Her mood was drastically out of tune with everyone else in the pueblo. Alejandro sat motionless, staring at the dancing flames of a lamp, responding woodenly to the condolences of the villagers. Felipe wept silently in a corner, voiceless, trying to be invisible. Mendosa repeated the story of Diego's plan, of the explosion and his own astonishment, as if his exaggerations could somehow make the whole story untrue. Victoria, on the other hand, was quite sure that Diego was alive, and she was hard put not to laugh when she was offered sympathy. At the same time, her darker ruminations filled her with fears for the future, while everyone else seemed to be mourning the past. At last she could stand it no longer; she slipped out of the tavern and went to stand by the gates of the pueblo, looking out at the moonlit desert.

She had not been there long when she heard hoofbeats approaching. She peered through the darkness. It was a dark horse, reminding her of Zorro's swift appearances from the night -- but Zorro had never ridden so slowly. As the horse neared she could not shake the conviction that it was Toronado, but his rider seemed to be slumped over his neck. Victoria took two steps forward, then three -- then she was running to greet Diego with tears on her cheeks. She had known he would come back, but still a darkness lifted from her heart.

He was wet, and he had lost his shirt. He slid from Toronado's back into her arms, leaning more of his weight on her than he had ever let her bear before. He held her, and kissed her, and she wiped the blood from his temple. They sat on a dusty rock outside the pueblo gates, and they clung to each other, and Diego voiced no wish to see anyone else. Victoria's heart leaped with joy and dread.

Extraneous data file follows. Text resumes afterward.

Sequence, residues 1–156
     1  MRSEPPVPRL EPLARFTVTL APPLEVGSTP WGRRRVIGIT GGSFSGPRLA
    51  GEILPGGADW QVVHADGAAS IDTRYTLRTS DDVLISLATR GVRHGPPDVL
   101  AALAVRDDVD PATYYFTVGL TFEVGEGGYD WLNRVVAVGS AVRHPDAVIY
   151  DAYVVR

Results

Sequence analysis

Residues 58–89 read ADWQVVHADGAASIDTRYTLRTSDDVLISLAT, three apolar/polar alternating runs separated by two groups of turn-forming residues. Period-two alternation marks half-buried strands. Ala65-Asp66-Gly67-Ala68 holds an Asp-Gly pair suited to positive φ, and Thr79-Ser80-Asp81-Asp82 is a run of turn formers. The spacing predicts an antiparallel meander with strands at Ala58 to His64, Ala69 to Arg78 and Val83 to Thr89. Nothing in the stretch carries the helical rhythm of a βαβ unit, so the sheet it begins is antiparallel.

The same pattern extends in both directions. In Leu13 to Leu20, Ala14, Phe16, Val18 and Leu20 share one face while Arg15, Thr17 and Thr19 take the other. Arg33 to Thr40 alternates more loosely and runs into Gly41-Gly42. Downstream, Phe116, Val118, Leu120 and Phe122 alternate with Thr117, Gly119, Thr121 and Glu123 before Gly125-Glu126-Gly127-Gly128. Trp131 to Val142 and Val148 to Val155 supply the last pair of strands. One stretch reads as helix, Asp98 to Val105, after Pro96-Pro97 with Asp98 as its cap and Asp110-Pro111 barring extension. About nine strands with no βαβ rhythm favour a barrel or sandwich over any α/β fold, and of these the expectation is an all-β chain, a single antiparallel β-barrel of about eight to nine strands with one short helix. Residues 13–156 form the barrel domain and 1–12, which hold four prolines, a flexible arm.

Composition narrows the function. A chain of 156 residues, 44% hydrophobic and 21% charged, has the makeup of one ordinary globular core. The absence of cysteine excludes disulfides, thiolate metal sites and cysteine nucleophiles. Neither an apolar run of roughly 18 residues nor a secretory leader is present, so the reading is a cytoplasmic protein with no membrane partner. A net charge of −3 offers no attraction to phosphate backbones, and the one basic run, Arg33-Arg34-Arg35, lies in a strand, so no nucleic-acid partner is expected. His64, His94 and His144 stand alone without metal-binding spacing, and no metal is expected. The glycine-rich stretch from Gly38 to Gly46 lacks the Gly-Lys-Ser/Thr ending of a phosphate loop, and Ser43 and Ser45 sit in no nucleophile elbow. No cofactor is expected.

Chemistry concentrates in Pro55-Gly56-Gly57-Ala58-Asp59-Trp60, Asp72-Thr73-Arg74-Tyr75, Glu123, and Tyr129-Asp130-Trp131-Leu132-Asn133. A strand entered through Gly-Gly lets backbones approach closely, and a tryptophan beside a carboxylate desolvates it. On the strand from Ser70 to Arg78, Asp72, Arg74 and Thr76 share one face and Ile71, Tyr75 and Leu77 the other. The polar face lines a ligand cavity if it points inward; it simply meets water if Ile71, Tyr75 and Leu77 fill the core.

Eventually someone found them there and raised a cry. Strong people came and lifted Diego from Victoria's arms and carried him into town to have his leg treated. Victoria followed along behind, hugging herself and holding back tears.

He would go away from her. She was certain of it.

"Are you sure you're all right, son?"

"I'm fine, Father. Didn't Sergeant Mendosa explain to you that I had everything planned?"

Alejandro's lips thinned. "I had the impression that your 'plan' took some unexpected turns."

"Well, it turned out all right anyway. You and Victoria are back safely, and in a few days my leg will be as good as new. See?" Diego lurched and Felipe caught him. "Well, a week, maybe. Thank you, Felipe, I'll sit down now." He glanced at Victoria, who was still watching him in a silence as complete as Felipe's. "Are you all right, dear? The pirates didn't hurt you?"

She smiled wanly. "No, Don Alejandro protected me from insult."

"That's good. Except --" Diego frowned. "I promised him that by tonight you would be calling him 'Father' instead of Don Alejandro."

Alejandro snorted. "Well, Diego, you can't expect all of your plans to work out."

"Why not? Felipe, will you go find Padre Benitez? I'm sure he's awake -- everyone else in the pueblo is."

Victoria was startled into protesting. "What, now? But my dress -- I haven't had time to mend it, or clean it."

Diego beamed at her. "I don't mind. You don't have a dress -- I don't have a shirt! Of course, if it bothers you, I'm sure I can borrow one." He glanced around at the circle of grinning onlookers.

"But Diego -- you can't be serious!" Victoria was blushing.

Diego pulled her close and said in a voice for her ears alone, "I gave you until today to be ready to marry me, and I won't wait a moment longer! If you'll still have me, of course," he added, releasing her with a disarming grin.

Alejandro leaned forward to whisper to Victoria, "Remember what I told you -- the de la Vegas have no need for refinement."

And so Victoria was married in one of her work dresses, to a man with an ill-fitting shirt and a cane, who swayed at odd moments during the ceremony. Both of them swayed as they kissed at the end, and Alejandro had to catch them before they could fall. Victoria cuddled deliciously in Diego's arms all the way to the de la Vega hacienda, and even persuaded him to keep one arm around her shoulders for support as they maneuvered into the front hall.

"Ah, before the two of you disappear together, I have something to show you."

Diego, the obedient son, frowned rebelliously at his father.